In the present study, risk reduction with exercise was more beneficial for nonobese than for obese persons and particularly evident among nonobese women. Several studies reported that physical activity may be more beneficial for obese subjects [10, 11, 22]; other studies suggested that physical activity may be less beneficial for obese persons than for nonobese persons, or equally beneficial [12, 27]. The present result is consistent with the theory that physical activity prevents diabetes by reducing adiposity. Lower adiposity improves insulin sensitivity and glucose tolerance [28, 29]. Conversely, obese persons are less likely to engage in physical activity, because excess body weight may decrease the possibility of being physically active. Therefore, in the Augsburg Cohort Study, among physically active obese women, an additional weight loss could substantially lower the risk of type 2 diabetes. Thus, those women in particular should be recommended to engage in physical activity and consume a low-energy dense diet to reduce body weight. Although in the present study leisure time physical activity among obese and nonobese men was not intensive enough to significantly reduce the risk of type 2 diabetes, it could nevertheless have a positive effect on cardiovascular risk factors and on the various components of the metabolic syndrome. This assumption is confirmed by Wannamethee et al [25], who reported that the relationship between physical activity and type 2 diabetes appears to be mediated by serum true insulin level and components of the insulin resistance syndrome. Furthermore, the Insulin Resistance Atherosclerosis Study demonstrated a positive association between both vigorous and nonvigorous physical activity and insulin sensitivity in a cross-sectional study of 1,467 men and women [30]. Also, recent clinical trials in China, Finland and the United States have demonstrated that lifestyle intervention programmes (dietary intervention and exercise intervention) were effective in the prevention of diabetes and in the improvement of several cardiovascular disease risk factors [8, 9, 31].

The MONICA/KORA Augsburg Study has several limitations that need to be considered. It is likely that the group of nondiabetic persons may include subjects with undetected diabetes mellitus. This implies that the observed hazard ratios in the present study may underestimate the effect of leisure time physical activity on total diabetes incidence. However, it is also possible that undetected type 2 diabetes at baseline could lead to overestimation of risk reduction, because individuals with undetected type 2 diabetes at baseline might have felt fatigued and therefore reduced the amount of leisure time sports. Furthermore, we were unable to differentiate between persons with normal glucose metabolism and those with borderline hyperglycaemia at baseline examination and at follow-up. Moreover, the follow-up proportion of our study was 67.8%; male respondents were slightly older, had the same BMI and were physically more active in comparison with the male nonrespondents. Women who did return the questionnaire were slightly younger, had a lower BMI, and were physically more active than women who did not respond to the mailing. Thus, response bias cannot be excluded. In the present study only self-reported information on physical activity was available. Possibly, the questionnaire used may be less sensitive to register sex-specific differences in physical activity levels. Also, there may be sex differences in the validity of self-reported information on leisure time physical activity. Additionally, the present study focused on leisure time activity only. Because leisure time physical activity accounts for a small proportion of the day and therefore for a small percentage of total energy output, nonleisure energy expenditure may be also important in the prevention of chronic diseases [32]. A further limitation is the absence of data on changes in exercise throughout the follow-up period. Therefore, a more detailed assessment of physical activity, with regular updates, might have disclosed a stronger benefit of physical activity in relation to type 2 diabetes. The strengths of the MONICA/KORA Augsburg Cohort Study are primarily its prospective design, the representativeness of the cohort, based on a random sample of the general population, and the availability of data on lifestyle and multiple cardiovascular risk factors. Furthermore, in contrast to most other prospective studies of this kind in which diagnosis of diabetes was based upon self-reporting, diabetes diagnosis in the present study was based on physician-validated diagnosis of type 2 diabetes.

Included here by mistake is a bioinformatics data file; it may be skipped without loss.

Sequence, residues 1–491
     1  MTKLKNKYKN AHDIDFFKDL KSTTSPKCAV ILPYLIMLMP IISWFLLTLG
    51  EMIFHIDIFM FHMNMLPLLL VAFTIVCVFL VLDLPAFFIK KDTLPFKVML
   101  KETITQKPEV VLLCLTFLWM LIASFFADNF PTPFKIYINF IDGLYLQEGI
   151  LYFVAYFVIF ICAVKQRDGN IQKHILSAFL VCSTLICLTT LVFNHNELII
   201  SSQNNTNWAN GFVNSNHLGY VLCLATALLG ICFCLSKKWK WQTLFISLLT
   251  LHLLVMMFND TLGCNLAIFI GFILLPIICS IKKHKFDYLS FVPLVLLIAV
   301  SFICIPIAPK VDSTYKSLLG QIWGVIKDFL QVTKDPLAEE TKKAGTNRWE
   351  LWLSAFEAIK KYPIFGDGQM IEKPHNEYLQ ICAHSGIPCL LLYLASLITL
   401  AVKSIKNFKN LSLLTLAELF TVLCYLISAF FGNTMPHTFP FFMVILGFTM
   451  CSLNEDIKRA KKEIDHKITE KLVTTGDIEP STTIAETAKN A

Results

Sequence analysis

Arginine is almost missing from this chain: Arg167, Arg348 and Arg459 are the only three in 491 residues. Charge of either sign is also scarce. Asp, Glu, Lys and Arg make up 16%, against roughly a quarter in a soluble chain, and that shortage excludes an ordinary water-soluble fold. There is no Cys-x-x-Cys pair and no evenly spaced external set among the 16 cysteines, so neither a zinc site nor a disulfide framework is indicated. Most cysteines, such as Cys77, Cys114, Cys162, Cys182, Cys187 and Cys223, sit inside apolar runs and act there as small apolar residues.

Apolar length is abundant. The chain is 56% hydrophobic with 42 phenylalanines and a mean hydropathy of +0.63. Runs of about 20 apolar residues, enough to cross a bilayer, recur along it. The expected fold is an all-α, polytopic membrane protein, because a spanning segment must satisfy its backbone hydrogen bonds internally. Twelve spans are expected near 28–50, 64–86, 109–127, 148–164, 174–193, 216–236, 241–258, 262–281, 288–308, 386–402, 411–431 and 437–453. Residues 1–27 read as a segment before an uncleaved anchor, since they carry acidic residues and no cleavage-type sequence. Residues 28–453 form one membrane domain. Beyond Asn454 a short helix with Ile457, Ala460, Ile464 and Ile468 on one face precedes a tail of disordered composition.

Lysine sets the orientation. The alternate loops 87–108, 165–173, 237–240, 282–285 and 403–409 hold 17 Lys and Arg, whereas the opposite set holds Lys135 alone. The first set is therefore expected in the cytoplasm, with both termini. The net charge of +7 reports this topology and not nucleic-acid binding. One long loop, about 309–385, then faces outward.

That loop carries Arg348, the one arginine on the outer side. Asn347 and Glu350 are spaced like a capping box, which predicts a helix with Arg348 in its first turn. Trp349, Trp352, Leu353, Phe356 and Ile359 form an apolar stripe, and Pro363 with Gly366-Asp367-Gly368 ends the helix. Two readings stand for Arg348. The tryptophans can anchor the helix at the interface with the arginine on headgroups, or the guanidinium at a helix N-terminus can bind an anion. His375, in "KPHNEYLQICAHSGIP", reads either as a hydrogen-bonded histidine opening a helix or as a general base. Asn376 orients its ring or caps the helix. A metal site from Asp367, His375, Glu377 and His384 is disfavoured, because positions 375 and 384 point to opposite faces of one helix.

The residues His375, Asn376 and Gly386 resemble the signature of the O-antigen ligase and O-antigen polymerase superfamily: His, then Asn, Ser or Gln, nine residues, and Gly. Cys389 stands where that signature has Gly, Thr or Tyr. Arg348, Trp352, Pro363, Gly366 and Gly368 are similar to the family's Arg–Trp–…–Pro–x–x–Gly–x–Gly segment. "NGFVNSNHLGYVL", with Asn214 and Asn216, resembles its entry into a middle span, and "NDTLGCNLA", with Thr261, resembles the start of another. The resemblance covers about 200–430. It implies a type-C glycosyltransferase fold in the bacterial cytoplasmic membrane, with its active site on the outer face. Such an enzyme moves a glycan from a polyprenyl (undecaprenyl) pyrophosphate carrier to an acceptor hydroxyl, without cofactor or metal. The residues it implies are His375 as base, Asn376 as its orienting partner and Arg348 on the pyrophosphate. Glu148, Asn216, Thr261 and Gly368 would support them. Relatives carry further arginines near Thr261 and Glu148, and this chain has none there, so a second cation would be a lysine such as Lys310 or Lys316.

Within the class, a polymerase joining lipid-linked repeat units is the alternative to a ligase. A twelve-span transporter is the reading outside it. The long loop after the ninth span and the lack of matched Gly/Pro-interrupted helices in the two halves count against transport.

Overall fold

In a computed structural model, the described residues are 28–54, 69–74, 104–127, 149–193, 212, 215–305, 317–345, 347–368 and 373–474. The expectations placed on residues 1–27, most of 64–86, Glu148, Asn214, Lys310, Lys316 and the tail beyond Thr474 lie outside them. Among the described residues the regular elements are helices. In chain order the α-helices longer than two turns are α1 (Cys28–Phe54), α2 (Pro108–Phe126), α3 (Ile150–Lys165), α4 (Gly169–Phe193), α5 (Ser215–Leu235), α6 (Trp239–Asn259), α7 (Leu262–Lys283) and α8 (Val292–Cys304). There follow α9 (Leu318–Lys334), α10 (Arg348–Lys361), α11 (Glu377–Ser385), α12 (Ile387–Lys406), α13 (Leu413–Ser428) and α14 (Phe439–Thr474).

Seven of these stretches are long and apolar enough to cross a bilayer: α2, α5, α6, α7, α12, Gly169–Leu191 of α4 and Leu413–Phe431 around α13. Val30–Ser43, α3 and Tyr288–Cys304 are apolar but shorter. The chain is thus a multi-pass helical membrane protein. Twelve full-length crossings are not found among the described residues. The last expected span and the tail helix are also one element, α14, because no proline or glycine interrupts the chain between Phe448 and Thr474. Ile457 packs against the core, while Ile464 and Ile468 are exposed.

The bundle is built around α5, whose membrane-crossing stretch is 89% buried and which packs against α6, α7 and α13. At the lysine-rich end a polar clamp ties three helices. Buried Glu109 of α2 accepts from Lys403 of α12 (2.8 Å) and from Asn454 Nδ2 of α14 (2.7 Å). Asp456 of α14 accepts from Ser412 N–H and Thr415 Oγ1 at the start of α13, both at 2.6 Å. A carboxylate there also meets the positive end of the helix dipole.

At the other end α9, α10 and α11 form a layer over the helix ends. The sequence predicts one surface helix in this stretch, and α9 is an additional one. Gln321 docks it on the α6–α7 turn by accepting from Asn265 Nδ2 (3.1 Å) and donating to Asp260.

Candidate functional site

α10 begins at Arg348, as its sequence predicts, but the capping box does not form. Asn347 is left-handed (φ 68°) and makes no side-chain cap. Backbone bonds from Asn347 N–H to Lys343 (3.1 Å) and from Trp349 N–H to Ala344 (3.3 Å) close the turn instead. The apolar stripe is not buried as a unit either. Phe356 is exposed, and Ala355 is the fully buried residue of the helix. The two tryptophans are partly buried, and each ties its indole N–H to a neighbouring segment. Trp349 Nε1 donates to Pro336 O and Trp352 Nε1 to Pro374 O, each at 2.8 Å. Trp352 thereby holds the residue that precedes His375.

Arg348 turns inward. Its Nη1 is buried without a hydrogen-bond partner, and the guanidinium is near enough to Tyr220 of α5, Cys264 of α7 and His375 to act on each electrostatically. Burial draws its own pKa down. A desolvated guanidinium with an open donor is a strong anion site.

In conclusion, the results from the present study suggest that women from the general population profit more from leisure time physical activity than men in reducing the risk of type 2 diabetes. However, further research is needed to assess the intensity, duration and frequency of exercise that will be most effective in reducing the incidence of type 2 diabetes in subjects from the general population. Recommendations for physical activity need to be tailored to special features of men and women, to personal preferences, age, social and economic circumstances, and physical limitations. Also, there may be need for recommendations for preventing weight gain or regain in normal-weight and formerly obese individuals respectively.

Acknowledgements

The KORA research platform and the MONICA Augsburg studies were initiated and financed by the GSF-National Research Centre for Environment and Health, which is funded by the German Federal Ministry of Education, Science, Research and Technology and by the State of Bavaria. We wish to thank the company Socialdata (Munich; MONICA Augsburg survey 1984/85) and the company B. Schwertner (Augsburg; MONICA Augsburg surveys 1989/90 and 1994/95) for the organisation and realisation of the surveys and the follow-up questionnaire in 1998. We thank all members of the GSF Institute of Epidemiology who were involved in the planning and conduct of the study. We also thank U. Keil (University of Münster, Germany) as principal investigator of the MONICA Augsburg study. Finally, we express our appreciation to all study participants.